Fraenkel-Teomim, Baruch ben Joshua Ezekiel Feiwel

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FRAENKEL-TEOMIM, BARUCH BEN JOSHUA EZEKIEL FEIWEL (1760–1828), rabbi in Poland and Moravia. Frankel-Teomim studied under Liber Korngold of Cracow, known as "Liber Ḥarif," and *David Tevele of Lissa. On the death in 1778 of Naphtali Herz Margolies, the av bet din of Wisznice, he was appointed his successor and served in this office until 1802. In that year he was appointed rabbi of Leipnik (Moravia), remaining there until his death. In Leipnik he founded a yeshivah which became renowned. Among his pupils were Ezekiel Panet, author of the Mareh Yeḥezkel, and Ḥayyim *Halberstamm, later his son-in-law (resp. Ateret Ḥakhamim, eh no. 9). During Fraenkel-Teomim's younger years *Ḥasidism began to spread in Poland and Galicia; at first he belonged to the circle of its opponents but later his opposition gradually diminished. Among the outstanding scholars with whom he was in contact may be mentioned Moses *Sofer (ibid., Ḥm nos. 12–15), with whom he was on intimate terms, David *Deutsch (ibid., oḤ nos. 2,3), Ephraim Zalman *Margolioth (ibid., eh no. 21), and Mordecai *Banet of Nikolsburg.

Fraenkel-Teomim saw his main task in the strengthening of his yeshivah and the education of many pupils. He did not devote himself to the same extent to the writing of books, for fear of dissipating his time. Only individual pamphlets by him are extant. These were written by his pupils, who noted down his novellae and homilies. Among the first to collect his teachings and publish them were his son Joshua Hoeschel and Ḥayyim Halberstamm. They published his Barukh Ta'am (1841), a selection of his novellae to which Halberstamm added glosses. Fraenkel is often referred to by the name of this book. Among his other works may be mentioned: (1) Ateret Ḥakhamim (1866) in two parts: pt. 1, responsa on the four sections of the Shulḥan Arukh; pt. 2, novellae and *pilpulim on talmudic themes; (2) Margenita de-Rav (1883; 2nd ed. with additions, 1957), a work on aggadah arranged in the order of the weekly scriptural readings, published by Menahem Eliezer Mahler from a manuscript in the possession of the author's grandchildren; (3) Barukh she-Amar (1905, 19662), novellae on many tractates and talmudic themes.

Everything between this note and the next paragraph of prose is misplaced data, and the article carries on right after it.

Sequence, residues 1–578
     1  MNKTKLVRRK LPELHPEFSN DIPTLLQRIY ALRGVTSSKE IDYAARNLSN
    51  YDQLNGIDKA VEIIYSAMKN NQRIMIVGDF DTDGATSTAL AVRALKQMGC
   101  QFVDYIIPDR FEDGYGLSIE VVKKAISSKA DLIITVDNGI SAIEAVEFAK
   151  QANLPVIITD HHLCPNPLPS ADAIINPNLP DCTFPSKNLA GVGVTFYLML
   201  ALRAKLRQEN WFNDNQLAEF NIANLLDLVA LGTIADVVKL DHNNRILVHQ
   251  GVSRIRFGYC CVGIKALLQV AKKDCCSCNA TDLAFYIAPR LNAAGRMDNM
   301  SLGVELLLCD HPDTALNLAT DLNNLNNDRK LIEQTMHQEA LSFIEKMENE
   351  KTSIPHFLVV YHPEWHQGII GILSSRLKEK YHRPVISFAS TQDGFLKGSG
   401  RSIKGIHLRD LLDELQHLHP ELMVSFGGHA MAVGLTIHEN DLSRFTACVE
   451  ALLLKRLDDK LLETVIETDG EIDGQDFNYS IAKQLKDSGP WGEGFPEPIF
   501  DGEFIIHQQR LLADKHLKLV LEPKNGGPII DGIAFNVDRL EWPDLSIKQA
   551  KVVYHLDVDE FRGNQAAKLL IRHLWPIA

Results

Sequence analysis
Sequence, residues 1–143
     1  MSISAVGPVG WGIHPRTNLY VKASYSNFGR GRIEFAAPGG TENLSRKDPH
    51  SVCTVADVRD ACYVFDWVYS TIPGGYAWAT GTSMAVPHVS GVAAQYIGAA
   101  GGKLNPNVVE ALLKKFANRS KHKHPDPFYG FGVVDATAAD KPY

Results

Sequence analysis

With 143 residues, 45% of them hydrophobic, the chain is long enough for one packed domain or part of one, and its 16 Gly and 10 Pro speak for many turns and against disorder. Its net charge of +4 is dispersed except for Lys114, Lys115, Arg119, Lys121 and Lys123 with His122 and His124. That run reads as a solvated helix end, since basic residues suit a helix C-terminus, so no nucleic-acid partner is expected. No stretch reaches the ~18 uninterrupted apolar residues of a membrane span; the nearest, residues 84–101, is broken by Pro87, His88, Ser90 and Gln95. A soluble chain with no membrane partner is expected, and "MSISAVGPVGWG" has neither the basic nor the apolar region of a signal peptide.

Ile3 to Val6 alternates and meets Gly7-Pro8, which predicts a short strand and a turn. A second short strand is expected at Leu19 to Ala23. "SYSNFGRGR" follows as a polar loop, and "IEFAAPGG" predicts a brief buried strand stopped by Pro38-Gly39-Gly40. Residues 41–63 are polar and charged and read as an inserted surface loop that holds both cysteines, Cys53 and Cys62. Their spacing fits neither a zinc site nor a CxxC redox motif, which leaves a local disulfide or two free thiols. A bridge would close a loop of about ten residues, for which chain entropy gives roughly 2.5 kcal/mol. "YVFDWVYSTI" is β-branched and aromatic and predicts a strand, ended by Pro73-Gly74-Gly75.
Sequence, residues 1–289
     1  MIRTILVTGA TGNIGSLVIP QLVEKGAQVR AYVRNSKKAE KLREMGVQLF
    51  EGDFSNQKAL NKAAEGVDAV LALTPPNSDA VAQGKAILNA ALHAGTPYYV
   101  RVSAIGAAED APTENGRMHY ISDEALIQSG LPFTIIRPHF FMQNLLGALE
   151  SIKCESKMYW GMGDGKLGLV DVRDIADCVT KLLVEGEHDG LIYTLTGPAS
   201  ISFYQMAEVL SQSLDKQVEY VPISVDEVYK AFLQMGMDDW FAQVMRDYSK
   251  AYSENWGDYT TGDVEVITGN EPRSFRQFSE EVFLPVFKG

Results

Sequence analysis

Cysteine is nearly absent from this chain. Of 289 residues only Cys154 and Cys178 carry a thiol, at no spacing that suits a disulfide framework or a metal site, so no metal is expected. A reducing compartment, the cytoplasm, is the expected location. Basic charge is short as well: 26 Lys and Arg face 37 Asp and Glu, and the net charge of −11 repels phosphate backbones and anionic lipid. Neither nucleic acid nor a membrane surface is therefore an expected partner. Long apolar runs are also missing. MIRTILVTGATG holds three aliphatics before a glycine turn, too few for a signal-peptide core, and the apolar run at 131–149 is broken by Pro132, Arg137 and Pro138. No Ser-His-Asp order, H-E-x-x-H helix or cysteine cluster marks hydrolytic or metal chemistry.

Fraenkel-Teomim left glosses written in the margin of his books of the rishonim and aḥaronim, and there is a list of 53 such works. His numerous glosses on the Shulḥan Arukh (oḤ, 1836; Ḥm, 1860; yd, 1865; eh, 1904) under the title Imrei Barukh are highly regarded. His glosses to the Babylonian Talmud were published first in the Lemberg edition of the Talmud of 1862 and thereafter in all later editions; to the Jerusalem Talmud in Vilna in 1922; and to the Mishnah under the name Mishnot Rav in Lemberg in 1862. His Derushei Barukh Ta'am (edited by B.S. Schneersohn and E. Heilprin, 1963) contains homilies for the festivals, and eulogies. Other works remain in manuscript.

His responsa and pilpulim on talmudic themes are based on the rishonim, and penetrating deeply into their meaning he arrives at the halakhah. Although he indulged in pilpul, a simple answer was more important to him than casuistic exercises. Even though he showed himself in his responsa to be a great authority he mentions in various places that he "fears to give directives" (Ateret Ḥakhamim, eh 18, 22). In certain cases he did not wish to rely on his own opinion and sought the consent of other outstanding scholars for his view, stressing: "I am afraid to give expression to new ideas" (ibid., yd 2:24).


S.M. Chones, Toledot ha-Posekim (1910), 123; J.A. Kammelhar, Dor De'ah (1935), 143–9; J. Eibeschuetz, Ohel Barukh (1933); J.L. Maimon, in: Sinai, 44 (1959), 117–26, 204–12, 408–19; 45 (1959), 16–22, 97–106, 275–83; idem, Middei Ḥodesh be-Ḥodsho, 5 (1959), 49–57; Z. Horowitz, Le-Korot ha-Kehillot be-Polanyah (1969), 216f.; B. Fraenkel-Teomim, Barukh she-Amar (19662), introd. 13–28 (biography).

[Josef Horovitz]